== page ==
375-bp promoter sequence of PeMADS4 was required for its lip and column expression The 375-bp promoter sequence of PeMADS4 conferred higher luciferase activity in lip and column, which meant that the PeMADS4 promoter was regulated by a lip- and column-specific transcription factor. Several transcription factors have been shown to dominantly express in lip, such as MADS, ARF, C3H, HB-other, YABBY, ZF-HD, bZIP, CO, TALE, HD-ZIP, MYB, and AP2-like families [63]. The cis-acting regulatory elements on the upstream region of PeMADS4 were analyzed by PLACE software, and the CARGCW8GAT for MADS and MYBCOREATCYCB1 or MYBST1 for MYB-binding motifs were predicted within this sequence (S2 Table). It is possible that unidentified motifs were resided in the

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375-bp fragment of PeMADS4 promoter for the interaction with above mentioned transcription factors. The exact transcription factors responding for the activation on the 375-bp fragment of PeMADS4 promoter were required for further studies.

The promoter sequences of OrcPI and PeMADS6 showed little similarity Comparing the differential expression patterns of AP3-like genes, PI-like genes showed uniformly and highly conserved expression patterns in all four floral organs in several species of various subfamily of Orchidoideae, such as Cypripedioideae, Epidendroideae, Orchidoideae, and Vanilloideae [20]. OrcPI is a PI-like MADS gene from Orchis italica, a species of Orchidoideae, and expresses in young inflorescences and all floral organs [42]. Various serial deletion of promoter sequence of OrcPI with 1324-bp, 854-bp, 577-bp, and 356-bp upstream sequences can drive the GUS expression in petal tissue in the white Rosa hybrid [42]. However, the upstream regulatory sequences of PeMADS6 and OrcPI could not be aligned together, even for their minimal promoter with 208- and 356-bp fragments, respectively. However, it is intriguing that two 11-bp motifs were detected between nucleotide 2249 and 2173 bp of PeMADS6 promoter and between 2937 and 2641 bp of OrcPI promoter by using the BLAST2 algorithm (S4 Figure). Whether this element plays any roles in the ubiquitous expression of the PI-like genes in orchid flowers awaits further studies.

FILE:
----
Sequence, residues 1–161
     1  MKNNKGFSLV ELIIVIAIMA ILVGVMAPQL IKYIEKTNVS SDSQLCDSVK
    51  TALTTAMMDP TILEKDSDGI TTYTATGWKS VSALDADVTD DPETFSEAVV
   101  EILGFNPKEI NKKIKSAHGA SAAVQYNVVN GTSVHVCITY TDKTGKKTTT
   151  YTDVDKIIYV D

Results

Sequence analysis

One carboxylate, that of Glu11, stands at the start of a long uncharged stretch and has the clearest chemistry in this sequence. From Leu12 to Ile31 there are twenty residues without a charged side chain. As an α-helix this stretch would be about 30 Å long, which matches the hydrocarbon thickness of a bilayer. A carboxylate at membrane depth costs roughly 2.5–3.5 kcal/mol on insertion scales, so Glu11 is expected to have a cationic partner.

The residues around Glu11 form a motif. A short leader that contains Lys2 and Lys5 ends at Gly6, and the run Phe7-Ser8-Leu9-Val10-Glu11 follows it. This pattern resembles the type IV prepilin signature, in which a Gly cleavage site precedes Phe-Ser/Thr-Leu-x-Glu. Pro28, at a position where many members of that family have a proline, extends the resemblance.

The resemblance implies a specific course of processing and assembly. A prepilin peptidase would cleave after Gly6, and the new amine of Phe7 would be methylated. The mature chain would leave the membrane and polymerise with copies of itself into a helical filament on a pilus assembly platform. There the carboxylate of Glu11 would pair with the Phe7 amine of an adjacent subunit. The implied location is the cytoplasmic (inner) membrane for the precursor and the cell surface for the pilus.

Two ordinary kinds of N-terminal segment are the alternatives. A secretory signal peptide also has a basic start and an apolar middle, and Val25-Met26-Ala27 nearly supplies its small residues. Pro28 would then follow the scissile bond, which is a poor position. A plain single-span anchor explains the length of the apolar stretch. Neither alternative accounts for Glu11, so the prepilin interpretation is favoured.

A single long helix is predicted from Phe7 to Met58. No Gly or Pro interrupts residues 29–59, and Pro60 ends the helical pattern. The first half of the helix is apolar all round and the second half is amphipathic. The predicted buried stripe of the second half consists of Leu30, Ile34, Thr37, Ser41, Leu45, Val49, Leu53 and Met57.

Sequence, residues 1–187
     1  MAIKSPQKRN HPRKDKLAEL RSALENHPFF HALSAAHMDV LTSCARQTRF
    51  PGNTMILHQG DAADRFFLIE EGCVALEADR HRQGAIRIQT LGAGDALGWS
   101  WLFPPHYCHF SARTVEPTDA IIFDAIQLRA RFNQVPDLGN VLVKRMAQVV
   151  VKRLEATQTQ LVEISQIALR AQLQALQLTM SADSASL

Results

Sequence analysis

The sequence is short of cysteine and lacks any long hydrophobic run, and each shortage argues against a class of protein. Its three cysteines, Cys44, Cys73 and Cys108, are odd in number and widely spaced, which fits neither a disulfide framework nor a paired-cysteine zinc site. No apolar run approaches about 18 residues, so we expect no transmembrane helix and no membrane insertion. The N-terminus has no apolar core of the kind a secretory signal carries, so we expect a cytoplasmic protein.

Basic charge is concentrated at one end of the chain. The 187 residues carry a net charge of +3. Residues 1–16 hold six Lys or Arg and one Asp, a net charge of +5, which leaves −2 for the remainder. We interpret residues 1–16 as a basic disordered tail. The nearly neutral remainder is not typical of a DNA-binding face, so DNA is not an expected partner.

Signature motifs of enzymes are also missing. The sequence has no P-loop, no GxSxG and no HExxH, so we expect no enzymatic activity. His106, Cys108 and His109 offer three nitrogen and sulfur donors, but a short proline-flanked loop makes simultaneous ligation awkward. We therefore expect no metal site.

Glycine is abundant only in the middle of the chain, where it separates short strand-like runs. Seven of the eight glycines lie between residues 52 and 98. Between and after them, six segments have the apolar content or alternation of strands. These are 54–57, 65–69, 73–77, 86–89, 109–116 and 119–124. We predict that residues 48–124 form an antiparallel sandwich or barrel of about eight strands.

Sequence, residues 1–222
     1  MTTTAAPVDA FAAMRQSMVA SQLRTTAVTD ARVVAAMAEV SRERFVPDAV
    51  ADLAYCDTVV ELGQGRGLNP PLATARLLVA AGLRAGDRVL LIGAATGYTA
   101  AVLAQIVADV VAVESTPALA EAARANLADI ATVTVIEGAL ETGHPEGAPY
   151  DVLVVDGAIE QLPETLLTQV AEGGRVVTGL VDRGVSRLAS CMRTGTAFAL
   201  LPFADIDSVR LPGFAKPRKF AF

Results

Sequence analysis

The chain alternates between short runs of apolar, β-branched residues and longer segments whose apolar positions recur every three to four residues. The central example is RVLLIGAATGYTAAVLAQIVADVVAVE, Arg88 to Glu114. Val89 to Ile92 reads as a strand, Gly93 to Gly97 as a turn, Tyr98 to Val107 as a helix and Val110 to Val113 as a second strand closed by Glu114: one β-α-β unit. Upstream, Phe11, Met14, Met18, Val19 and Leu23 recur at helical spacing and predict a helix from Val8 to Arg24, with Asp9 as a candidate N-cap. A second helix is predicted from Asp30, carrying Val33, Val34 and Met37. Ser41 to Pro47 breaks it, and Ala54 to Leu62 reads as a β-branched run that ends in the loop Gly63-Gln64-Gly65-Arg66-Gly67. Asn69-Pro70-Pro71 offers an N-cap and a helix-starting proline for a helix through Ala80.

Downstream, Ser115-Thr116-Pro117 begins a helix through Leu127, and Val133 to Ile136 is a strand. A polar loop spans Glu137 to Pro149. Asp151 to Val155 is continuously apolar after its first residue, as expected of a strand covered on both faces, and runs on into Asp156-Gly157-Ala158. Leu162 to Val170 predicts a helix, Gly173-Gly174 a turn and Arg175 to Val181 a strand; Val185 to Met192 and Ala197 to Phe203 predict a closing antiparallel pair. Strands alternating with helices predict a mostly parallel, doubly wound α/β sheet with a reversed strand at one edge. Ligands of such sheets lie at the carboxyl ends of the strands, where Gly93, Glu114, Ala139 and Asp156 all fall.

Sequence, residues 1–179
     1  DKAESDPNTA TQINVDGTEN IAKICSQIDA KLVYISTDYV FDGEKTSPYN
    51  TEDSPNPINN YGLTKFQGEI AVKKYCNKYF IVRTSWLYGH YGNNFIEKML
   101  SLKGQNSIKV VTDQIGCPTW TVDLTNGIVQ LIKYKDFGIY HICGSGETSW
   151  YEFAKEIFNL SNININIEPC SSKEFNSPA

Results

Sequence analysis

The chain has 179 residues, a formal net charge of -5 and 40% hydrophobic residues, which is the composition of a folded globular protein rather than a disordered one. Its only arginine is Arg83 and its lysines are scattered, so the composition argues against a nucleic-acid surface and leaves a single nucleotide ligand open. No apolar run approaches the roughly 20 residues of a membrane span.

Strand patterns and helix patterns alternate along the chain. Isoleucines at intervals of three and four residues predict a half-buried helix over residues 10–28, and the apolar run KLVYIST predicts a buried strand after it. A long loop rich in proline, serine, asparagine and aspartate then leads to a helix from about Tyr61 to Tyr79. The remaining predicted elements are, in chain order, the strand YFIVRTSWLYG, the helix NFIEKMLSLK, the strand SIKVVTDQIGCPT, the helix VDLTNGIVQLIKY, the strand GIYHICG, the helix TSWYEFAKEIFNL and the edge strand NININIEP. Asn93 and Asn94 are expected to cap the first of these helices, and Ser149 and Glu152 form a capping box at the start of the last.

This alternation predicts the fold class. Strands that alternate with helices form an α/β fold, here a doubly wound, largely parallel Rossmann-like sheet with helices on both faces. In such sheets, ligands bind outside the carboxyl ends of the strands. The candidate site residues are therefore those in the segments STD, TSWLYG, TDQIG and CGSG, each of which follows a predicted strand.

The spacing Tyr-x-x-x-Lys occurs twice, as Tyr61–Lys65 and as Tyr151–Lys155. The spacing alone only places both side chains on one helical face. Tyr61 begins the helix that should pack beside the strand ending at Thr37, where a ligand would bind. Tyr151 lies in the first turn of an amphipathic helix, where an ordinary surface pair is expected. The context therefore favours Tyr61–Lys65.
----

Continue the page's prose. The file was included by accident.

Histone modification regulated the plant development and stress response The epigenetic regulation is dynamic and varies between cell types and in response to development stages or environmental stimuli [64]. H3K9me2 is mainly detected in heterochromatin regions and associated with transposable elements (TEs) [65]. In contrast, H3K4me3 is enriched in euchromatic regions and associated with transcribed regions of non-TE genes. Expectedly, typical activating histone modification, such as H3K4me3 and H3K9ac is detected in the same genomic regions [66]. For example, during the vernalization response (exposure to a prolonged period of low temperature), the gene repression marks, H3K9me2 and H3K27me2, are enriched at FLC locus and thereby controlling flowering time, in contrast to the activated state of FLC chromatin with active histone marks, H3K4me3 and H3ac, before prolonged cold exposure [67]. Moreover, several epigenetic regulators are involved in the regulation of floral homeotic genes. Mutation in a H3K4 methyltransferase ATX1 results down-regulation of AP1, AP2, PI, and AG, but not of AP3 and SEP3 [68]. The PRC2-like complexes containing CLF, FIE, EMF2 and MSI1 act on repression of AG by regulating H3K27me3 [69, 70], and the emf2 mutant results ectopic overexpression of AG, AP3, AP1, PI, SEP2, and SEP3 [71]. Furthermore, the gene repression marker, H3K27me3, have been shown that its release results in tissue-specific gene activation [72]. Here, we showed that an increased level of H3K9K14ac on the